The Naturalist Outreach group has been visiting local classrooms and community groups to talk about the natural history, ecology, and behavior of animals and plants.  They have also created a series of videos teaching the public about an array of issues from pollination to bats to aquatic insects and more.  This group is not only teaching but trying to inspire and engage more people into science.

Insectapalooza is a one day insect fair held annually by the department bringing in families from as far as Michigan each year.  This event reaches thousands of visitors who get hands on experience learning about many different arthropods, their importance and benefits to our community.

Emprire Farm Days and the New York State Fair are two other annual events attended by the Department of Entomology where large groups of people are reached.  

Fruit Fly Trap

Ever wonder how to get rid of those pesky fruit flies in your home?

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Grants create engagement opportunities for students

Aug 20, 2019

The Office of Engagement Initiatives has awarded $1,307,580 in Engaged Curriculum Grants to 25 teams of faculty and community partners that are integrating community engagement into majors and minors across the university.

Cornell partners with Purdue on global food safety

Aug 15, 2019

Cornell is teaming with Purdue University to establish the first Feed the Future Innovation Lab for Food Safety, which aims to solve some of the world’s greatest challenges in agriculture and food insecurity.

Cornell team fights invasive pest, supports NY berry industry

Aug 8, 2019

Cornell has the only comprehensive berry team in the Northeast, combining expertise in horticulture, entomology, plant pathology, agricultural economics, berry breeding and management for the benefit of New York state's $20 million berry industry. 

Study: Red or blue, Americans value effort to achieve success

Aug 7, 2019

According to new Cornell-led research exploring the foundations of morality, liberals and Democrats are far more inclined than conservatives and Republicans to believe in the importance of equity – the notion that some groups may need different opportunities to succeed based on their starting points, so that all have the same levels of success.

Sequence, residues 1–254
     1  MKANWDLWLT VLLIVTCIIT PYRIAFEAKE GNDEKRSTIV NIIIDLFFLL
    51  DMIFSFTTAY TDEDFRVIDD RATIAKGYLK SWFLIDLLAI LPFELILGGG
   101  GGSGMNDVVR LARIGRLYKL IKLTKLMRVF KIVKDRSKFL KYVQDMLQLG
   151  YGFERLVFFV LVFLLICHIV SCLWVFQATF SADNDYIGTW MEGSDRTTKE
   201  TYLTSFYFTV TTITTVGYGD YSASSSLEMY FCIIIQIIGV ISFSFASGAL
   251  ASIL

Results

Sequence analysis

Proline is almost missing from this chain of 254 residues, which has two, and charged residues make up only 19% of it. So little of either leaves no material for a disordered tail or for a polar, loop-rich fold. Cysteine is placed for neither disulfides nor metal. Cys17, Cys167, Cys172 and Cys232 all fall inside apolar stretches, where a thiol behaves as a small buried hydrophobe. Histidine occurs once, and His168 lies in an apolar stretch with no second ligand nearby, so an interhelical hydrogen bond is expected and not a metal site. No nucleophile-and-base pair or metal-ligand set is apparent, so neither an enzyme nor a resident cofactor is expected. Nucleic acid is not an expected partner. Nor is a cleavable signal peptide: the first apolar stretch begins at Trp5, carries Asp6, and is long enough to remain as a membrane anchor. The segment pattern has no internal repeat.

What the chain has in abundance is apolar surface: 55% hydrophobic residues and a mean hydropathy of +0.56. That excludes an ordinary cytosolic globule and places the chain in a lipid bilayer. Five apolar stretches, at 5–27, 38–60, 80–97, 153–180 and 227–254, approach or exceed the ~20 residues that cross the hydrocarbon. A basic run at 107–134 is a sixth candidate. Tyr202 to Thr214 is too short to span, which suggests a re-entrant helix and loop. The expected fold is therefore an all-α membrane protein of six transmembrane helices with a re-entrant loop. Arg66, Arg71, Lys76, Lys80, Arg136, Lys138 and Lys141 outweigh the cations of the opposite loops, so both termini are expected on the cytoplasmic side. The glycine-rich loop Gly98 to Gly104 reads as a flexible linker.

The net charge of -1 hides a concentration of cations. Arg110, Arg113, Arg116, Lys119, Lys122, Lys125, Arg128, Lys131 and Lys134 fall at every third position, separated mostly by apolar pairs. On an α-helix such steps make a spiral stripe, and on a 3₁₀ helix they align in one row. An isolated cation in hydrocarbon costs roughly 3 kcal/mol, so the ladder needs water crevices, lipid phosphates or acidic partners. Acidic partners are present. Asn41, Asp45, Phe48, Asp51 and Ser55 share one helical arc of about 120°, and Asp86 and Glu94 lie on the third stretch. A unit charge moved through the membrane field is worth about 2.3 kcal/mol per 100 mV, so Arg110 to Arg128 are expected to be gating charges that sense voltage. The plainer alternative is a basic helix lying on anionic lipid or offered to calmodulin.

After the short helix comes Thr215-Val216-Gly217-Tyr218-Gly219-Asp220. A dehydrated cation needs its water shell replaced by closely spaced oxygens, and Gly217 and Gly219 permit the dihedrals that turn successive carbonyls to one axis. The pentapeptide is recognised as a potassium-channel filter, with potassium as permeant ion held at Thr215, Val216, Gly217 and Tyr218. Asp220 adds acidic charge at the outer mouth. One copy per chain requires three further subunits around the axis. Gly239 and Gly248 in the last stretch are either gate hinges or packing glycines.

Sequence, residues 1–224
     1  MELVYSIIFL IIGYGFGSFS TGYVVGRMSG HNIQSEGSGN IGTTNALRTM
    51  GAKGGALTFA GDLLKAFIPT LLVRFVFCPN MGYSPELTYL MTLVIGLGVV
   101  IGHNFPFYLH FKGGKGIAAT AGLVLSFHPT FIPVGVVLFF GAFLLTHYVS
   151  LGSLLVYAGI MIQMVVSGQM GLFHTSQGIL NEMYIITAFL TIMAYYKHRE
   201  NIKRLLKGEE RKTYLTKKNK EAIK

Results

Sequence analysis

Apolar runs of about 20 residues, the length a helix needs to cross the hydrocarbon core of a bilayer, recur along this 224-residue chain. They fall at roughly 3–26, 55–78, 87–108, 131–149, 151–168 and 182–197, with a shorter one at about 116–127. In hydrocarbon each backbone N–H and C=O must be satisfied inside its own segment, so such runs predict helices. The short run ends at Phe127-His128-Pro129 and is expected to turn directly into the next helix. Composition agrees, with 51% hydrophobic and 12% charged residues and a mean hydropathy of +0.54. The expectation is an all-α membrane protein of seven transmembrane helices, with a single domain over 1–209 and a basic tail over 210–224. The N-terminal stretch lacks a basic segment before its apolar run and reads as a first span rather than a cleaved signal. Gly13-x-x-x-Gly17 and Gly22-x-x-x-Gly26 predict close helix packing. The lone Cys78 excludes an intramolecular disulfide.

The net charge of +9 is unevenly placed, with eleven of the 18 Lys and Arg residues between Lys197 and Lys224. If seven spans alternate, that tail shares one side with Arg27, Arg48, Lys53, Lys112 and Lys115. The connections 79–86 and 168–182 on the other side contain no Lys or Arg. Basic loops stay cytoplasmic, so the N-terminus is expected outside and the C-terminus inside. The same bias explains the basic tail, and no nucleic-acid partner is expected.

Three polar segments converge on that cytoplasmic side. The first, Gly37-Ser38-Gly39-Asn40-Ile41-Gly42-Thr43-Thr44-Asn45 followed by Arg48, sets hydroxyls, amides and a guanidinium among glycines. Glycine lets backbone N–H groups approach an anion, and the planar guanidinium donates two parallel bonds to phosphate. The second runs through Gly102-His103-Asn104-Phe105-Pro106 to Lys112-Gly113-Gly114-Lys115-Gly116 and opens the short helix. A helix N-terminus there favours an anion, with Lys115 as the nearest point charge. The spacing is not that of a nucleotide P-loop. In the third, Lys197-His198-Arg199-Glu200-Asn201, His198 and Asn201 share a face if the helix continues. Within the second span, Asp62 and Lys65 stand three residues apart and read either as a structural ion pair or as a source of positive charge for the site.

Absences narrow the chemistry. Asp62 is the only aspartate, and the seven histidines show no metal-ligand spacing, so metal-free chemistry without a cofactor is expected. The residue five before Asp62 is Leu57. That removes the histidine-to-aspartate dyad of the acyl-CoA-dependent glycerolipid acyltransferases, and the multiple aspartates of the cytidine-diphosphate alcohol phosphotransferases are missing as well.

Schumer announces funding for hemp seed bank at Cornell

Aug 5, 2019

Sen. Charles Schumer, D-N.Y., on Aug. 2 announced $500,000 in funding for the USDA establish the first industrial hemp seed bank in the U.S., co-located at Cornell AgriTech, which will be used to breed and study new hemp cultivars. 

Worm pheromones protect major crops, BTI scientists find

Jul 25, 2019

Protecting crops from pests and pathogens without pesticides has been a longtime goal of farmers. Researchers at Boyce Thompson Institute have found that compounds from microscopic soil roundworms could achieve this aim.

Do ladybugs help your garden grow? Depends on surroundings

Jul 15, 2019

A new study of cabbage crops in New York – a state industry worth close to $60 million in 2017, according to the USDA – reports for the first time that the effectiveness of releasing natural enemies to combat pests depends on the landscape surrounding the field.

Nice catch: Cornell scientists net 139-pound Oneida Lake sturgeon

Jul 15, 2019

Researchers from the Cornell Biological Field Station at Shackelton Point on Oneida Lake, in Bridgeport, New York, caught, tagged and released a 139-pound lake sturgeon – a threatened species – possibly the largest fish ever caught on that lake.

CALS signs new admissions agreement with Binghamton University

Jul 10, 2019

The Binghamton University School of Pharmacy and Pharmaceutical Sciences has entered into an articulation agreement with the Cornell University College of Agriculture and Life Sciences that will allow students in the plant sciences major to transfer into Binghamton’s Doctor of Pharmacy (PharmD) program after three years of undergraduate study.